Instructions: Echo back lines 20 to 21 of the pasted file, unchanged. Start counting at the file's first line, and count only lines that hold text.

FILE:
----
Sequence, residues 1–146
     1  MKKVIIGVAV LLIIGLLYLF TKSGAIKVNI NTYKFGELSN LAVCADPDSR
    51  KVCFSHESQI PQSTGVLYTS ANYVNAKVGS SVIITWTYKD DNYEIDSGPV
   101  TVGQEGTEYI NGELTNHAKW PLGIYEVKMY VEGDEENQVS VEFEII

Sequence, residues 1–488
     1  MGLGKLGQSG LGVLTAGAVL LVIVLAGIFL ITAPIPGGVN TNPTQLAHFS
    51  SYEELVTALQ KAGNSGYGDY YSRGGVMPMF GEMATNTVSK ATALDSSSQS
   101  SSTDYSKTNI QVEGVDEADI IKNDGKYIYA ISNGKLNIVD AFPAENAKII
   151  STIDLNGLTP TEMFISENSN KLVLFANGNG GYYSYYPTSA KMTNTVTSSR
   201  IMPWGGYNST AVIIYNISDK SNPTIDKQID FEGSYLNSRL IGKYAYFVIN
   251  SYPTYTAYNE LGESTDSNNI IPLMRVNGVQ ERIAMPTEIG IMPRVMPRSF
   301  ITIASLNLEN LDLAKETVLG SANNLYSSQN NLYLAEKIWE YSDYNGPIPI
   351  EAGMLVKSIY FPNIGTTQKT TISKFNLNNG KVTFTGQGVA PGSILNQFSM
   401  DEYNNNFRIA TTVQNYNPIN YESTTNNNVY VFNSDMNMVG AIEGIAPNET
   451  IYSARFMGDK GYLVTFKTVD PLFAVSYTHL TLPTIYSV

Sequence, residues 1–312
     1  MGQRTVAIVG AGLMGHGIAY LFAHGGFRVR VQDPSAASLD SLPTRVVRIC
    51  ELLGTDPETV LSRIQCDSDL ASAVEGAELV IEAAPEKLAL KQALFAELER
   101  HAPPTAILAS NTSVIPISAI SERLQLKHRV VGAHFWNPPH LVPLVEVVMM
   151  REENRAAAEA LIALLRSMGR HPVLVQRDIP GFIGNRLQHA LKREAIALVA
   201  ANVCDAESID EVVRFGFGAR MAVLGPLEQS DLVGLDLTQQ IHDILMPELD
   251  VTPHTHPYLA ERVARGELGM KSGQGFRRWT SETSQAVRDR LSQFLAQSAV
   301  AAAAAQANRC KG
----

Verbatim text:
   151  REENRAAAEA LIALLRSMGR HPVLVQRDIP GFIGNRLQHA LKREAIALVA
   201  ANVCDAESID EVVRFGFGAR MAVLGPLEQS DLVGLDLTQQ IHDILMPELD